Coast Guard OKs Operation of Asian Carp Electric Fence
An electric barrier designed to keep invasive Asian carp out of Lake Michigan will be turned on at partial strength through this summer, with the U.S. Coast Guard having approved its operation. The barrier on the Illinois River will operate at one-quarter power until full-power safety tests are completed, likely this summer.
The demand to turn on the barrier intensified after a group of 29 U.S. senators and congressmen wrote the U.S. Army Corps of Engineers and Coast Guard in early December asking why the project was taking so long to be activated.
Great Lakes Disruption Threatened
According to the U.S. Environmental Protection Agency, if Asian carp reach Lake Michigan and the surrounding Great Lakes, the fish will disrupt the natural food chain and ecosystem, ultimately becoming a dominant species.
Asian carp can grow up to 100 pounds. Currently, the only thing standing in the way of these massive fish and the Great Lakes is a small, six-year-old, experimental barrier that does not operate at a capacity powerful enough to expel juvenile carp.
The carp were imported by Arkansas catfish farmers in the 1970s to remove algae and suspended matter from their ponds, but some of the fish escaped containment ponds during regional flooding in the early 1990s and started migrating north. They have now become the dominant species in much of the Illinois and Mississippi River systems.
Safety Issues Remain
The permanent Illinois River electrical barrier system, built in 2006 but not yet placed into operation, has been undergoing a series of safety tests. The barrier can operate at four volts per inch, but the Coast Guard fears using it at full strength would pose a safety risk to anyone who might fall overboard near the barrier and for cargo ships transporting flammable liquids and gases.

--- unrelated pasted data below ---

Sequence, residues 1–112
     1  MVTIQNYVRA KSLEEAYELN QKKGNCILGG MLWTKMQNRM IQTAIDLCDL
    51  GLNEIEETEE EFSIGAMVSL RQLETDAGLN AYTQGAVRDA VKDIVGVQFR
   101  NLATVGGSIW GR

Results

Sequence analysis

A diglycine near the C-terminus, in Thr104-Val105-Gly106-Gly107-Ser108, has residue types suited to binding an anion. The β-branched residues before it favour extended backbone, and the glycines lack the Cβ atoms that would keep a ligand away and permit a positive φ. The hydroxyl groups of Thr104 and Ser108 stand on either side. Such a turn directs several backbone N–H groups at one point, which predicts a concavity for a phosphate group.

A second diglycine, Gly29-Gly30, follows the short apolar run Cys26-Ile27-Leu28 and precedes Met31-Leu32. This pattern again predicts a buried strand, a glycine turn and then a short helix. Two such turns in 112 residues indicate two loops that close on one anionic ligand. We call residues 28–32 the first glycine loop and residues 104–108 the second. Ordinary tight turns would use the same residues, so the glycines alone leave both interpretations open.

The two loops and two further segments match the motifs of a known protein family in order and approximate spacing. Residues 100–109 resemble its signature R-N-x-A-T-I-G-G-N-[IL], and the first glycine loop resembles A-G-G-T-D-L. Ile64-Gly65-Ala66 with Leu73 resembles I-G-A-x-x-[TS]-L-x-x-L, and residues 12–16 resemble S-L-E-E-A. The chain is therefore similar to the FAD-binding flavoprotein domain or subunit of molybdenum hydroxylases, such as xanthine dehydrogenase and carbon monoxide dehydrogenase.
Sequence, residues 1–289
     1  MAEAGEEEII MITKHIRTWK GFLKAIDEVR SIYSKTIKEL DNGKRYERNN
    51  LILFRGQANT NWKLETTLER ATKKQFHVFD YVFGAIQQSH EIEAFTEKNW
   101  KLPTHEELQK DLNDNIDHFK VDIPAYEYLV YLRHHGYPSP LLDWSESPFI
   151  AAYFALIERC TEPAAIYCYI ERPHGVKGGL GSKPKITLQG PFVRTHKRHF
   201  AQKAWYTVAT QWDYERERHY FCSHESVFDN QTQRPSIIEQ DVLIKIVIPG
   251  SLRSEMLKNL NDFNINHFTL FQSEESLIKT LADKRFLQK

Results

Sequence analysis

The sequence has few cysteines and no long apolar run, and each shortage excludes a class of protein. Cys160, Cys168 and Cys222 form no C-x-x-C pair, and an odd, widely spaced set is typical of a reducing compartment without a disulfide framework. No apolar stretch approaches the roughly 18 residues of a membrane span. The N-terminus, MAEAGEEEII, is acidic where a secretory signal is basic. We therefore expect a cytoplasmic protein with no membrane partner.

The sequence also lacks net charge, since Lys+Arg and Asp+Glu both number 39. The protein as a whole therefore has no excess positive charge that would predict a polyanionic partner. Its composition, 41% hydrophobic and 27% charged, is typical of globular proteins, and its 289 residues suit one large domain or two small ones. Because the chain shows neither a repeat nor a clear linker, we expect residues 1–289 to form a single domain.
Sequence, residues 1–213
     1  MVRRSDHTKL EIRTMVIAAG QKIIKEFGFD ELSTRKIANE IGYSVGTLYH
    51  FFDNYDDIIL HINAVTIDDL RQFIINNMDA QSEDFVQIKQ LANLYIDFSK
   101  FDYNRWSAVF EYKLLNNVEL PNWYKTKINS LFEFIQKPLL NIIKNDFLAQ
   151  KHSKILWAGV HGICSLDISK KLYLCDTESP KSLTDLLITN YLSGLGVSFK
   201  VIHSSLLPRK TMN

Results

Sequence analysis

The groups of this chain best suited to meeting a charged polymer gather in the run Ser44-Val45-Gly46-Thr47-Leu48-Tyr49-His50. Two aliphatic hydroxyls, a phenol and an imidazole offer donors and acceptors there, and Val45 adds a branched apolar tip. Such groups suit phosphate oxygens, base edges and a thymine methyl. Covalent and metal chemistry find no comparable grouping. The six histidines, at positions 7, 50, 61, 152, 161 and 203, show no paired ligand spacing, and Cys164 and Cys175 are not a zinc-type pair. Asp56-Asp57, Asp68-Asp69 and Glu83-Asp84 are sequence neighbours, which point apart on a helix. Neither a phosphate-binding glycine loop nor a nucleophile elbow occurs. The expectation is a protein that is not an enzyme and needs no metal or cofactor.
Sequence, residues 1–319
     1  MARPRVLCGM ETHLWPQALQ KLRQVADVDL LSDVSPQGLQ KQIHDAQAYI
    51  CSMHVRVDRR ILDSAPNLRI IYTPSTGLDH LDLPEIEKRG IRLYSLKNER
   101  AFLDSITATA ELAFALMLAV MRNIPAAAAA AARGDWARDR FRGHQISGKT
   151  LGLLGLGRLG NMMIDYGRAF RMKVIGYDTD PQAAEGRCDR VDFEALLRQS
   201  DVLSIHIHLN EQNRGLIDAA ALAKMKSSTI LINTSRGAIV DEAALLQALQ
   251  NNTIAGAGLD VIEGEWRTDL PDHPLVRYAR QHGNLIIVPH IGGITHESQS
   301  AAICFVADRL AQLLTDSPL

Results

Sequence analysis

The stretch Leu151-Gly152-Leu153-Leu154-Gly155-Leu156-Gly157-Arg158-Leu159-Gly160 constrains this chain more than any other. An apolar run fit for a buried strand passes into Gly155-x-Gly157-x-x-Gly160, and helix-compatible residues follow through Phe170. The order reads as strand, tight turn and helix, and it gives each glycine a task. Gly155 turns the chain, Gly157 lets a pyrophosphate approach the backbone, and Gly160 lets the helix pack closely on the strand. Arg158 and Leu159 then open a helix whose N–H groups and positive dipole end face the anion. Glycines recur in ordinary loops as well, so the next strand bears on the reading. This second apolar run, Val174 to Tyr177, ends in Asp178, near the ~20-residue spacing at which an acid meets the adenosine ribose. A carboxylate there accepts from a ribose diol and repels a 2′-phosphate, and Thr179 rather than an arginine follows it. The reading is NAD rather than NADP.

EPA says the barrier “poses no threat to people,” but the Coast Guard wants more testing.
Coast Guard Captain Bruce Jones expressed concerns about the barrier in a December 15 email to the Milwaukee Journal Sentinel. “I remain very concerned about the potential for personal injury or death to any person who may be immersed in the water ... as well as the potential for sparking between vessels, particularly those carrying highly volatile cargoes such as gasoline,” wrote Jones.
Jones added, “I am satisfied that the many safety measures implemented to date reduce these risks to acceptable levels at currents of one volt per inch.”
Others remain concerned operation of the barrier at such a low power will not be effective in staving off an ecological disaster on the Great Lakes.
“We understand the safety concerns involved with an electric barrier in the waterway, but this is piecemeal protection of the Great Lakes, as federal officials take small steps in an effort to placate the different parties involved. The result may be no protection at all,” argued the Journal Sentinel in a December 18 house editorial.
“The carp are only about 45 miles from Lake Michigan,” the Journal Sentinel added.
“Once they were to get into Lake Michigan, there’s nothing to stop them from getting into the other Great Lakes, and impacting all of the Great Lakes,” said Mike Hoff, an aquatic nuisance species regional coordinator with the U.S. Fish and Wildlife Service. “We don’t want healthy Asian carp.”
The Coast Guard responded to criticism its safety concerns were stalling operation of the barrier by asserting the Army Corps could turn on the barrier any time it wants to, with or without Coast Guard permission.
Not everyone agrees.
“The Illinois Department of Natural Resources issued the construction permit for the fish barrier. They wrote in the condition of construction that the barrier could only be turned on if the Coast Guard approved its safety,” said Lynn Muench, senior vice president of the American Waterways Operators.
Alyssa Carducci (firstname.lastname@example.org) writes from Tampa, Florida.